Health Benefits of Maitake: What You Need to Know About This Medicinal Mushroom - FreshCap Mushrooms

Health Benefits of Maitake: What You Need to Know About This Medicinal Mushroom

If you’ve done any research about the health benefits of mushrooms, chances are you’ve come across maitake.

Like all other edible mushrooms such as shiitaketurkey tailreishi, and lion’s mane, maitake mushroom offers many potential health benefits thanks to its high concentration of antioxidants, micronutrients, and other beneficial compounds including complex sugars (aka polysaccharides) called beta-glucans.

Along with being a tasty, eye-catching ingredient for recipes, maitake is considered a medicinal mushroom or adaptogenic mushroom, which means it can help the body adapt to stress and function normally.

Maitake mushroom has been used in traditional Chinese and Japanese medicine for centuries, and it’s also been used as a supplementary treatment for cancer patients in China and Japan for more than 30 years. (1)

However, it’s only in recent decades that Western culture has taken notice of this ancient remedy. Read on to learn more about the health benefits of maitake mushroom and how including more of this fantastic fungi in your diet can help you.

What is Maitake Mushroom?

Its scientific name is Grifola frondosa, but you probably know maitake (pronounced my-tah-keh) by its other more common names: hen-of-the-woods, cloud mushroom, dancing mushroom, king of mushrooms, ram’s head, and sheep’s head.

Native to areas of Japan, China, and North America where it grows wild at the foot of oak, elm, and maple trees, maitake mushrooms can be distinguished by their striking appearance—unlike many mushrooms that grow individually, maitakes grow in clusters, which look like giant pine cones or blooming bouquets of brown, beige, and gray blossoms.


Nutrition of Maitake Mushroom

One cup of diced maitake mushroom has just 25 calories, no cholesterol, less than one gram of fat, one gram of sodium, 1.4 grams of protein, and almost two grams of dietary fiber. (2)

What’s more, maitake has 143 grams of potassium (4% of the daily recommended value) and a whopping 196% of the daily recommended value of vitamin D, which is important for strong, healthy bones and overall health. (3)

It also has a good amount of B vitamins including niacin, riboflavin, and folate.


7 Health Benefits of Maitake Mushrooms

One of the most noteworthy aspects of maitake mushrooms is its high concentration of beta-glucans, which are complex sugars (polysaccharides) found in the cell walls of certain plants, yeast, algae, and fungi (hello, mushrooms!).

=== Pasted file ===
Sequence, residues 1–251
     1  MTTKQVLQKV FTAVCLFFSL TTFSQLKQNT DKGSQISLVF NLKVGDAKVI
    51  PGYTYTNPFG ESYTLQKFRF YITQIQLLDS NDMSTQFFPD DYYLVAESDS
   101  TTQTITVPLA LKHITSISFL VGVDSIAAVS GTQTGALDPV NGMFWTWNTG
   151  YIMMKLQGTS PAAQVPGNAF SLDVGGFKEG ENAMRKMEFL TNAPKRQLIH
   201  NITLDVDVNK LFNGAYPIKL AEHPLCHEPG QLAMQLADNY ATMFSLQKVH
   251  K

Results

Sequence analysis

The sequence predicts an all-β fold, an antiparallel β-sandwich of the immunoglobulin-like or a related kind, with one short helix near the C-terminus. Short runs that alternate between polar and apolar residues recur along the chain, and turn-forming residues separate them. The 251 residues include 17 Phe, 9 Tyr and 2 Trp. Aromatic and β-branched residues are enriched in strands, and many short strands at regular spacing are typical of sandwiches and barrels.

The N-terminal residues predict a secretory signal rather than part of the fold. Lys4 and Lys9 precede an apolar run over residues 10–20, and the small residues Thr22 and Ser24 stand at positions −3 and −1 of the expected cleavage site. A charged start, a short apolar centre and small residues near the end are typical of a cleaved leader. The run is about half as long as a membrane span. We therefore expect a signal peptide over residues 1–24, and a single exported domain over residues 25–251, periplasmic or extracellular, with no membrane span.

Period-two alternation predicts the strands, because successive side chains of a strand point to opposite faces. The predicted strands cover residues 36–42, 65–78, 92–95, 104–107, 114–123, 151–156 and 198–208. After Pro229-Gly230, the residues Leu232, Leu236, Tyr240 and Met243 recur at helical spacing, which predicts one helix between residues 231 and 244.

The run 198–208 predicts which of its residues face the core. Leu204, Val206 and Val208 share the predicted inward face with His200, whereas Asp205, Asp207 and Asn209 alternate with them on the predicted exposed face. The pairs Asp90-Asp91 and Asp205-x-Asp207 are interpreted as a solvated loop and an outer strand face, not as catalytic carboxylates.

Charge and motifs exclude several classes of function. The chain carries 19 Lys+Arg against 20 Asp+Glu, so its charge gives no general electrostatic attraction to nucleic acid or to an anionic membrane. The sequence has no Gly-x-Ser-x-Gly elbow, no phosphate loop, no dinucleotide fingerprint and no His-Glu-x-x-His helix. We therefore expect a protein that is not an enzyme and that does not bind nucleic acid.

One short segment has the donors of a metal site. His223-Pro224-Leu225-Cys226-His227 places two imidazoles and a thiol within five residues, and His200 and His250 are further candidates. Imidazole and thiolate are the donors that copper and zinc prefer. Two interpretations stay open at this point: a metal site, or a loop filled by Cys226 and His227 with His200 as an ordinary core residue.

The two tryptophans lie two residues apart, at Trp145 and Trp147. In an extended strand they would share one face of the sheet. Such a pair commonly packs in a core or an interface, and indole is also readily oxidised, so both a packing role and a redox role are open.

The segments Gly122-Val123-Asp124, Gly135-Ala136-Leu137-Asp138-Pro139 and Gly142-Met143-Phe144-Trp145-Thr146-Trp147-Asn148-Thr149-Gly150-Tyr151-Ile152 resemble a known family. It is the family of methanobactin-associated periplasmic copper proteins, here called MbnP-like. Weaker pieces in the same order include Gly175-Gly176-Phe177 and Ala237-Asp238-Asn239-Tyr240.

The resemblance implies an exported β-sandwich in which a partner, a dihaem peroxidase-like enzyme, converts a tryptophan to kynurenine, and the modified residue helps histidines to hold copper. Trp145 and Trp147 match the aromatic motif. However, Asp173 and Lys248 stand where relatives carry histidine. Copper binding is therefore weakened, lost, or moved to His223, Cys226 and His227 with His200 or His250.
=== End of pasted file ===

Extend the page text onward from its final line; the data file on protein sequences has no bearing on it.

Among these powerful beta-glucans is D-fraction, a maitake extract that has been shown to have therapeutic effects for cancer patients. (4)

As with many natural remedies, more scientific studies are needed on the health benefits of maitake mushroom. Even so, the evidence is mounting on how this functional mushroom is helping people today. Below are some of the most researched health benefits tied to maitake mushroom.


1. Boosts Immune Function

A strong immune system is essential for overall health—it helps ward off everything from the common cold to more serious diseases. Multiple studies have demonstrated that maitake mushroom stimulates immune response. (5)

In a 2014 study, researchers found that maitake-derived glucans behave “via the same mechanisms as other highly active glucans to strongly stimulate immune defense reactions” and are even more active when combined with glucans from shiitake mushroom. (6)


2. mAY Kill Cancer Cells

There have been some promising findings when it comes to maitake and its role in fighting cancer. As mentioned, it’s long been approved in Japan and China as an adjunct to standard medical treatment for cancer patients. (1)

Maitake is thought to activate certain cells that attack cancer, including macrophages, T-cells, and natural killer cells.

One study in 2013 found that maitake d-fraction suppressed the growth of breast cancer cells (7), while other research indicates that combining maitake D-fraction with vitamin C can be a possible alternative approach for cancer therapy. (8)


3. Can Help Balance Blood Sugar